A drug side effects reporting site, RxISK, has called for submissions of reports of side effects from transgender medicine.
A description of the RxISK site:
RxISK is owned and operated by Data Based Medicine Americas Ltd. (DBM), based in Toronto, Canada.
It is run by a group of high-profile medical experts with international reputations in early drug-side-effect detection and risk mitigation, pharmacovigilance, and patient-centered care.
It’s call for feedback around trans medicine side effects titled “Transgender Meds: A Call for Reports” reviews information reflecting the same concerns examined on the GHQ website.
The specific medical treatments they are asking for information on are as follows:
This post is an invitation to report on drugs prescribed to transgender people. These include cross-sex hormones – testosterone for women, estrogen and progesterone for men, hormone-blocking agents like Lupron given to children with gender dysphoria to stop the physical changes of puberty, and other drugs like finasteride, spironolactone and birth-control pills prescribed to manage the transition from male to female or female to male.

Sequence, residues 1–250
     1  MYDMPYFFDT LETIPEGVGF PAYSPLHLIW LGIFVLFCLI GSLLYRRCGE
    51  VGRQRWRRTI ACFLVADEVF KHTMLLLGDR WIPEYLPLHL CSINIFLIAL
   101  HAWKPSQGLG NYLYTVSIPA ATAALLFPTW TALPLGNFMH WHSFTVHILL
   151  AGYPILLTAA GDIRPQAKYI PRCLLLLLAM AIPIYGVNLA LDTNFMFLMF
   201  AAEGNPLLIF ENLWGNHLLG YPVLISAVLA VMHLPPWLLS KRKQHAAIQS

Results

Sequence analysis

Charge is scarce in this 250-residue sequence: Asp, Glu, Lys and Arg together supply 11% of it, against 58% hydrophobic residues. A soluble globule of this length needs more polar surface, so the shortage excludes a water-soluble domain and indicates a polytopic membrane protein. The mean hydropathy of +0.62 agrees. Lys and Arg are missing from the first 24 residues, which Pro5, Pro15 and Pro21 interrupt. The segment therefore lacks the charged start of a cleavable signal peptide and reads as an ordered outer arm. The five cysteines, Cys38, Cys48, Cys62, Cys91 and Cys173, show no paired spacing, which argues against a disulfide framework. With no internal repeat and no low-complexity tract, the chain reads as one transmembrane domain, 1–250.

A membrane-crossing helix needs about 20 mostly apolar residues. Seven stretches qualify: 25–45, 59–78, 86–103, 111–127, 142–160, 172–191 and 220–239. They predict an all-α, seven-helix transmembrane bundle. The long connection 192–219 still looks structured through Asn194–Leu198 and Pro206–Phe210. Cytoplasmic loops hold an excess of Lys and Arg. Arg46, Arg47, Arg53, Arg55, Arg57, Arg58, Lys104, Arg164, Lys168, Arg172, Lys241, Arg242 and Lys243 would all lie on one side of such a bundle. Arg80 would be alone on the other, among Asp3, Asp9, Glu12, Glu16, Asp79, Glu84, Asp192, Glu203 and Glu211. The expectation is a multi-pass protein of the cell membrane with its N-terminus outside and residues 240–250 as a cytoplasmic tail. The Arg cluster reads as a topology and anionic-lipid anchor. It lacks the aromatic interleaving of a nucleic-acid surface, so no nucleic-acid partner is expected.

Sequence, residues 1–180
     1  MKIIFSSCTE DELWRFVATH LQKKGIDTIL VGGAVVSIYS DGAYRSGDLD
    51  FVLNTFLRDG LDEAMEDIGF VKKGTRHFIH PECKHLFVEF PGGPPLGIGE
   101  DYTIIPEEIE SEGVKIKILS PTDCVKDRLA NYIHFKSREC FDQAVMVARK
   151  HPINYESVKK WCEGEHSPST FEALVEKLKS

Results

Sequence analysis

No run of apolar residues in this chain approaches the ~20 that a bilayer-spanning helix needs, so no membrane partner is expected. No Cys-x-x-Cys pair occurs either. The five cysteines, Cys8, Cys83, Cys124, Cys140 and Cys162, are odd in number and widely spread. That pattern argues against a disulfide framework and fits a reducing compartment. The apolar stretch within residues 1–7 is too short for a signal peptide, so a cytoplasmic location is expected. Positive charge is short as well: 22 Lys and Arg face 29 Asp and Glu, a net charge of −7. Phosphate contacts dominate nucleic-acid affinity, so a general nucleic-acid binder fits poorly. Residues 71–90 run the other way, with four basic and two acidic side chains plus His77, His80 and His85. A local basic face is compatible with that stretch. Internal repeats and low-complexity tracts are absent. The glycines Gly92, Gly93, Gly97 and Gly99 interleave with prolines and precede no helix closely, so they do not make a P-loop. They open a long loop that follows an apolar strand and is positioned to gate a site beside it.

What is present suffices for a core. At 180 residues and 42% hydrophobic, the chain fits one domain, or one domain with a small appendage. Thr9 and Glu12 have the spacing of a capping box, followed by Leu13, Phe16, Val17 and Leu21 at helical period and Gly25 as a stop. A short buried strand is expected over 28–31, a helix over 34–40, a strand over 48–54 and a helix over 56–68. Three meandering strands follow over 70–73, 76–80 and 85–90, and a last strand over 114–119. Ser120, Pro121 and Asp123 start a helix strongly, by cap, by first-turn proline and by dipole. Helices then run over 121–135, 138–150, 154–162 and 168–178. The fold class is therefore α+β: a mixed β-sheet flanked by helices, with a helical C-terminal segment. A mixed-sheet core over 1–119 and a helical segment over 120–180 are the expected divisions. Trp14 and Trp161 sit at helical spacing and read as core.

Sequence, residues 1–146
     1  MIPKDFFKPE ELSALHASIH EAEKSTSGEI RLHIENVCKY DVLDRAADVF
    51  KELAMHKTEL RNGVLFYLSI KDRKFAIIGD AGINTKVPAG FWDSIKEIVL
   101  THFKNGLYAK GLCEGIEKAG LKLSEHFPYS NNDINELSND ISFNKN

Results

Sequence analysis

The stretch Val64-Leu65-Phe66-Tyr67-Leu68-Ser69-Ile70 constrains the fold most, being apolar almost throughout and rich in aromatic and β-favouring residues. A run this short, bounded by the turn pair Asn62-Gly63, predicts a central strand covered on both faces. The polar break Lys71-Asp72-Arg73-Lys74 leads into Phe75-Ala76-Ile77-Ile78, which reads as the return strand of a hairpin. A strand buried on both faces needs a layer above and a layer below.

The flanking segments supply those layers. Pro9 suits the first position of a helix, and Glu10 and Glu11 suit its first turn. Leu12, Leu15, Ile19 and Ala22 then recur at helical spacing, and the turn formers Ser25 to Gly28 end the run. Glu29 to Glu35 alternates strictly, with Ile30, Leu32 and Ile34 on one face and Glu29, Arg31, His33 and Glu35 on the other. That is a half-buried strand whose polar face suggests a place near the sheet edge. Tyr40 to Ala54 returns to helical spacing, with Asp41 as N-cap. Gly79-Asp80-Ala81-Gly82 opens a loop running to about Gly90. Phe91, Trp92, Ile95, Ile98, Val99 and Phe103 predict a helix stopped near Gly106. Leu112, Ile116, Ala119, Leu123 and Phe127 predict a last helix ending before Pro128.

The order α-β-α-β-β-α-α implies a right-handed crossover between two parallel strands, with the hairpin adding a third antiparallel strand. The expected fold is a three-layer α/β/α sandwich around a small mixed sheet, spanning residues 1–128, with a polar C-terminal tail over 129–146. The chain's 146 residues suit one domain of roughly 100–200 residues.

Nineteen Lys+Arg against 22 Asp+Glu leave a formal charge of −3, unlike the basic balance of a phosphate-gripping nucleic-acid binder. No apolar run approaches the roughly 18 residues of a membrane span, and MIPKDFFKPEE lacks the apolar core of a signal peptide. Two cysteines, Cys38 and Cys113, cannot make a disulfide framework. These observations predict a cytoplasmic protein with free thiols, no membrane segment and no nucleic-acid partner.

Some of the reasons they cite for the request are the increasing numbers of youth being medically treated and the changing demographics and protocol around this:
Until recently, drugs and surgery were choices facing a small number of transgender people, mainly adults. Only when a child’s longstanding “gender identity disorder” persisted into their teens would clinics discuss physical treatments. For adult patients, most required months of counseling and at least a year of “social transition” to living in their preferred gender role.
They go on to list many of the medical risks and side effects covered in our topic on medical consequences.
RxISK. (2019, July 8). Transgender Meds: A Call for Reports. Retrieved from https://rxisk.org/transgender-meds-a-call-for-reports/
We do not have open comments on the Gender Health Query website. But that doesn’t mean we aren’t interested in what you have to say. If you have a comment, blog post idea, or any other feedback, we would be interested if the information can be supported by science research, an informed opinion, real-world observations, or personal experiences. Please contact us.